People Over Policies: part 2
In a recent post, I said that policies exist to help our teams do our jobs, but they must be to the benefit of our guests. In other words, a policy that we hide behind just to “keep people in line” is annoying. (See this example from my bank.)
But what happens when the policy must take precedence over the person? In our context, about half of our campuses meet in facilities that we don’t own. And in order to be good neighbors, we need to abide by that facility’s policy.
One particular school has a strict “no food or drinks in the auditorium” rule. It’s clearly marked on the entry doors, and we’ve been asked to enforce it on the weekends.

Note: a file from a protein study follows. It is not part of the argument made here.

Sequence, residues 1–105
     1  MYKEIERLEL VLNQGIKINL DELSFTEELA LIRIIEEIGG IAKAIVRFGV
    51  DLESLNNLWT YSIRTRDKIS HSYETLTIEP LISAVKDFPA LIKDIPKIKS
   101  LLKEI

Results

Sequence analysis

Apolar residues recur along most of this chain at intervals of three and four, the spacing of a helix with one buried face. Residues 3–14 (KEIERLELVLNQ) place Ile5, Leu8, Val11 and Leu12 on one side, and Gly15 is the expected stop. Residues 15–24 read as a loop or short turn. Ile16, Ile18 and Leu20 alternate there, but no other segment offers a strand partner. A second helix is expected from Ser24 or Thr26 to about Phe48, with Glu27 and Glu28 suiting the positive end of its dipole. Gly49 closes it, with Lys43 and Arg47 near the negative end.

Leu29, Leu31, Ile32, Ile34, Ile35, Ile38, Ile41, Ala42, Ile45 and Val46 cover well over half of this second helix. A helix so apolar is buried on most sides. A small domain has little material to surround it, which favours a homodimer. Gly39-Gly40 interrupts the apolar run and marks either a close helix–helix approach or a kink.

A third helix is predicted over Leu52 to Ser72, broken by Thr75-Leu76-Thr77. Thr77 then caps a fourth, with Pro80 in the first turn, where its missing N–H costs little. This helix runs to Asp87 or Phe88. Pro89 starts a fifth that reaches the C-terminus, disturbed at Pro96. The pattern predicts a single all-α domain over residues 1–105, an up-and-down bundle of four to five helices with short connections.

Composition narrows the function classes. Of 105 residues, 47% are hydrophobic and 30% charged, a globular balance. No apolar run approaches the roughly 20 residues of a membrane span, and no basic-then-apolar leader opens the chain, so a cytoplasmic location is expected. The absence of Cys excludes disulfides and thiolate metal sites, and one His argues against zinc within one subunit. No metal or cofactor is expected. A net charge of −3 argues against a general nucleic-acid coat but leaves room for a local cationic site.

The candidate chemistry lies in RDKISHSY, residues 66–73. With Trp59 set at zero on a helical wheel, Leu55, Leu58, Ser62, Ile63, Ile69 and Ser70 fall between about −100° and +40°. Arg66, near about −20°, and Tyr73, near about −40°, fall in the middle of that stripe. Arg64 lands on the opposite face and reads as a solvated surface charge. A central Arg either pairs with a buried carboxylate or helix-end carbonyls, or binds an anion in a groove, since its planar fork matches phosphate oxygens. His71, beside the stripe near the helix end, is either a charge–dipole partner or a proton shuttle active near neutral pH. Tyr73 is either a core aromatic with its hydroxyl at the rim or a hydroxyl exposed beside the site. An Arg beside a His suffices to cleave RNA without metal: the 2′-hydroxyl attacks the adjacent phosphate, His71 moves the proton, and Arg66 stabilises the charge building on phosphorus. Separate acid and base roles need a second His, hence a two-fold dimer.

The problem is, that school is just a few minutes down the road from a Starbucks. And often, guests will come strolling in with their Trenti iced soy mocha double-whip Frappuccino with a light sprinkle of sea salt, only to discover that they are about to have to trash their Ninebucks™ (#didyouseewhatididthere).
Our volunteers are trained to acknowledge the drink, acknowledge the policy, and soften the blow if possible:
- I’ll be happy to keep you company while you finish that in the lobby.
- I’m happy to put that in a safe space and keep an eye on it while you worship.
- I know that’s frustrating, and I’m sorry.
Sometimes just acknowledging the frustration of the situation is sufficient to help the guest know you’re on their side.
If you have a policy that has to stand, how do you ensure that your guest’s dignity stands, as well?